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Milling >8 foot lumber

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Forum topic by amt posted 156 days ago 477 views 0 times favorited 6 replies Add to Favorites Watch
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amt

13 posts in 219 days


156 days ago

I am preparing to build a dining table made of white oak. The boards I have a 4/4×6,7,8 * 8+ feet long. All of the lumber needs to be milled, which I am starting now. I am curious if anyone has any good techniques to mill this efficiently. The issue I have is there is a slight bow in some of these pieces, but with the pieces being 8 feet long, even a slight bow translates to a lot of material lost. Is there a good rule of thumb on just how much bow can be present, and still be able to use the piece? For example, I have one board, after planing, the bow is about 1/16” (in the middle). Thanks!

-- -Andrew


6 replies so far

View Loren's profile

Loren

6755 posts in 2148 days


#1 posted 156 days ago

Board can be finessed to flat in that sort of glue-up. Don’t
try to mill them perfectly flat. You can take out bumps with
hand tools after gluing. The main thing is to get twist out.
Sometimes when I don’t want to lose thickness I tune the
twist out with hand planes to get more fine control of the
result.

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amt

13 posts in 219 days


#2 posted 156 days ago

Thanks, Loren, I’ll do that. I am using a planar sled, but I am also using a hand plane when I want more control (and a good workout!).

-- -Andrew

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FellingStudio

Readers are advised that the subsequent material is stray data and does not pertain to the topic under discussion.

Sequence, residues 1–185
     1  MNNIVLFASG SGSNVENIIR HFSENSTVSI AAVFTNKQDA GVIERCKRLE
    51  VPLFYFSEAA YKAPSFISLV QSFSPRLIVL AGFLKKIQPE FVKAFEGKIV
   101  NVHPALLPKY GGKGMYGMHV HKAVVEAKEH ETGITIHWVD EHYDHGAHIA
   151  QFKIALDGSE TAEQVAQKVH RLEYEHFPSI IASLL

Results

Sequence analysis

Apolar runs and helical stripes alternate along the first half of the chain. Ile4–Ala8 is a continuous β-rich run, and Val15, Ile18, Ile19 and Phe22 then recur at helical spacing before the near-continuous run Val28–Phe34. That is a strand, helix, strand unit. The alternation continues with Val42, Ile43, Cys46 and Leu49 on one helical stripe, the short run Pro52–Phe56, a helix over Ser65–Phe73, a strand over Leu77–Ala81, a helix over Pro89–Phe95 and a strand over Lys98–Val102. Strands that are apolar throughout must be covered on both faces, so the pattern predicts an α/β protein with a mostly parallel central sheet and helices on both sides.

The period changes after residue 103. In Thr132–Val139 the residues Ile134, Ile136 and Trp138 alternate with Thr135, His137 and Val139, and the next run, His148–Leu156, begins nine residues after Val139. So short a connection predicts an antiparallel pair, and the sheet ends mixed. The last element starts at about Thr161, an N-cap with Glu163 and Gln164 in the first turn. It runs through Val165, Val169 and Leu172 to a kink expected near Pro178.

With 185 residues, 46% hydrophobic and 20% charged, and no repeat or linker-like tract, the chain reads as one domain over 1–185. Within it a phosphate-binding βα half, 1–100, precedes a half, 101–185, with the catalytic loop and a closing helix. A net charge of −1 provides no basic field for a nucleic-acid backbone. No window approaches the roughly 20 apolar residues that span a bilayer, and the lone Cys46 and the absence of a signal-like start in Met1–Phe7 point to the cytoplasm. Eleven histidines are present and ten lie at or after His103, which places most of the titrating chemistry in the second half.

25 posts in 183 days


#3 posted 156 days ago

The general process is (1) joint one face flat, (2) plane opposite face parallel to jointed face, (3) joint one edge square to faces, (4) rip opposite edge parallel to jointed edge, (5) glue up. Problem is that if you are a beginner and/or don’t have the proper equipment (jointer, planer, table saw), you are going to end up being frustrated.

4/4 generally ends up at about 3/4” after milling. That’s fine if your table has pretty good support under the top. (Meaning a skirt.) It will be too small if you are going for a trestle type of design.

And, you can probably live with a 1/16” bow in your board. You will be scraping and sanding the top anyway.

-- Jesse Felling - http://www.fellingstudio.com

View pintodeluxe's profile

pintodeluxe

3031 posts in 1314 days


#4 posted 156 days ago

Pick the straightest boards for the long stock you need.
Then cut down to rough length before you mill. If the table is going to be 6’ long for instance, cut it to 74” before you joint it.

-- Willie, Washington "If You Choose Not To Decide, You Still Have Made a Choice" - Rush

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Dallas

2679 posts in 988 days


#5 posted 156 days ago

Alternate the bow in adjoining boards. (one up, One Down), using biscuits, tenons, dowels or any other favorite method attach them together.
As Loren says, after joining them together, flatten with a hand plane, scraper, etc.

-- Improvise.... Adapt...... Overcome!

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amt

13 posts in 219 days


#6 posted 156 days ago

FellingStudio, I am approaching those 4 steps in this way:

1) Hand plane and/or planer sled with Delta PT305 (I do not have a jointer)
2) Delta PT305 lunchbox planer
3) Either track saw or edge joint with router (using an Incra WonderFence)
4) Rip with table saw
5) Alignment with Festool dominos

I am doing a trestle design, but probably a bit modified. I have not decided if I should double up the boards on the top, or build a support system below the top, which I suppose might be tricky to do and keep the core trestle design. If I go for a 2-board thickness on the top, then I’ll probably try a bevel on the edge (bottom half of the top beveled inward) to hide the transition fro the top board to the bottom board.

-- -Andrew

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